This week’s paranormal evidence of the week is a personal paranormal experience that I relate in my book, Avalanche of Spirits: The Ghosts of Wellington. It is the one thing that my uber science-geek husband, Jim, has been unable to explain away and is, perhaps, the one thing that has him pretty darn convinced that ghosts are real – or at the very least, that something paranormal that defies a natural explanation is going on at Wellington.
A little background. Wellington is the site of a 1910 avalanche disaster in which at least 96 people were killed. You can read more about Wellington and the disaster on my Wellington website, or by using the search term “Wellington” in the Paranormal Underground blog.
About the site itself: The site is entirely outdoors up in the mountains. There is no power wiring for about a mile all around the site – it is quite isolated. When you walk through with a Trifield meter, the baseline reading is always zero. The site sits along the Iron Goat Trail in the Cascade mountains. As you walk along the path, there is a huge, 1/2 mile long concrete snow shed. There are also a lot of granite deposits in the mountains around the site.
Our experience occurred in the snow shed at a certain spot where a lot of sightings of black shadows and apparitions have occurred. Some people (me included) often feel a great deal of anxiety and other physical symptoms when passing through that area. The Trifield regularly reads zero in this spot, as well – so there is no naturally occurring electromagnetic activity there that we can tell.
We were up filming – me, Jim, our two sons Tanner and Kevin, and two of their friends, Matthew and Mackenzie. Jim had a Sony hi-def handi cam that was mounted on a GlideCam camera stabilizer. On top of the camera in the hot shoe was an IR light that was connected to the camera’s power supply. Mounted to the GlideCam, he also had two driveway security IR lights that Jim has modified to work on separate battery packs, which were also mounted to the glide cam. The two IR lights have separate mechanical on/off slider switches (the kind that it takes some effort to slide and it will actually click into the on position or the off position.) My step son was carrying another Sony HandiCam. My son was carrying an Olympus DS-40 recorder. I was carrying a Samson Zoom H4 recorder.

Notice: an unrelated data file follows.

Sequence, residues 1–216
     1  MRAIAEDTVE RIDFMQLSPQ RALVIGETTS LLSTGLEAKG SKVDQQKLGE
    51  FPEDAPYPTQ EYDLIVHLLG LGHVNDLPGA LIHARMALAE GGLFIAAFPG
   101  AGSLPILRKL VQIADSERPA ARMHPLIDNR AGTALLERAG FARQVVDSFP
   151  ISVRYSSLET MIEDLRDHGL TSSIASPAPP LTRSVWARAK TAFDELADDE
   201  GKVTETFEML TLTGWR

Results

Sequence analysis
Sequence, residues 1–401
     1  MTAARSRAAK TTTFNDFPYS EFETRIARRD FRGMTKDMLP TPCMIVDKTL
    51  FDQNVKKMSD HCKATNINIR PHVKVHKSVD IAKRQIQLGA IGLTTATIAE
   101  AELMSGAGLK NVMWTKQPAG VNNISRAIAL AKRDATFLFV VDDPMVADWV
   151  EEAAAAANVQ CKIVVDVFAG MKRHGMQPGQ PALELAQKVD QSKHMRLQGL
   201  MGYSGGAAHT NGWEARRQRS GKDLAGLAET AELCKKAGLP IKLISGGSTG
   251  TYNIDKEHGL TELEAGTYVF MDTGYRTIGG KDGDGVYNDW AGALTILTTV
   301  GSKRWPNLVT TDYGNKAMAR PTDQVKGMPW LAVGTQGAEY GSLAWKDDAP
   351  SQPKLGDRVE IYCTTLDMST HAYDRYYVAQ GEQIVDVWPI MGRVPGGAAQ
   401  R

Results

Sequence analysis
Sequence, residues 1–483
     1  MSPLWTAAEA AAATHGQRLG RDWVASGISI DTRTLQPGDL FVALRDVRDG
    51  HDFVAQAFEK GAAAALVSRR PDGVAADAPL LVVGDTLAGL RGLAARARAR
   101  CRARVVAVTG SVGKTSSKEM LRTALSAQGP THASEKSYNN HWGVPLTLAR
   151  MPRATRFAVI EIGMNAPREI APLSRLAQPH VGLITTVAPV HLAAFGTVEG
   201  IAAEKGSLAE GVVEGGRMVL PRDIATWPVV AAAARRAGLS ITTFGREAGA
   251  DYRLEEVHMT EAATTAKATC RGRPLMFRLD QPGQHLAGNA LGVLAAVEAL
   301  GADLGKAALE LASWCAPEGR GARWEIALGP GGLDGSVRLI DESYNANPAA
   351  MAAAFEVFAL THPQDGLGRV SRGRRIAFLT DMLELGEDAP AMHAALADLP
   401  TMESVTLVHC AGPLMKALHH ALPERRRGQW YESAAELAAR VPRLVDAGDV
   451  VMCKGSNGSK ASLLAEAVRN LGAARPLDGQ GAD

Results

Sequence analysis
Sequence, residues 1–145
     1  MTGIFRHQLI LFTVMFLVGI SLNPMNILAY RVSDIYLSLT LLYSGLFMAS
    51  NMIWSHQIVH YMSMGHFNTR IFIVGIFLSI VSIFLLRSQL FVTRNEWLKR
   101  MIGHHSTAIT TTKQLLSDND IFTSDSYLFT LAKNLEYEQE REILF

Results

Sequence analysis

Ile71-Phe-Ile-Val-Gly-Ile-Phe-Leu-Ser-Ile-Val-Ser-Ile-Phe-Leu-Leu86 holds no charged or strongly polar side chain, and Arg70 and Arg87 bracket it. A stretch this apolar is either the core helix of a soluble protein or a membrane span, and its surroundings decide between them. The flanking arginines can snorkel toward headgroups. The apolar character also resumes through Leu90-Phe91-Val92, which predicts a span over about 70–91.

We reached the spot where people feel anxiety (an area that NWPIA has termed “area 61″ because of a 61 that has been painted on one of the snow shed’s support poles) – and every single piece of electronic equipment we were carrying turned off simultaneously. I suspected battery drain – and on all of the equipment except for the two modified IR lights, that made sense. When Jim checked the two IR lights, the mechanical slider switches had slid to “off” and clicked into the off position. When the power source dies on these two items, the mechanical switch typically stays in the “on” position.
We were all able to turn all of our equipment back on and resume filming. The odd thing for me (and for Jim) is those two mechanical switches sliding to the “off” position. That and the simultaneous nature of the event. Everything was on a separate power supply with the exception of Jim’s camera and the hot shoed IR light, which ran from a common power supply (the camera battery).
I’m open to alternative explanations for this one. Anyone??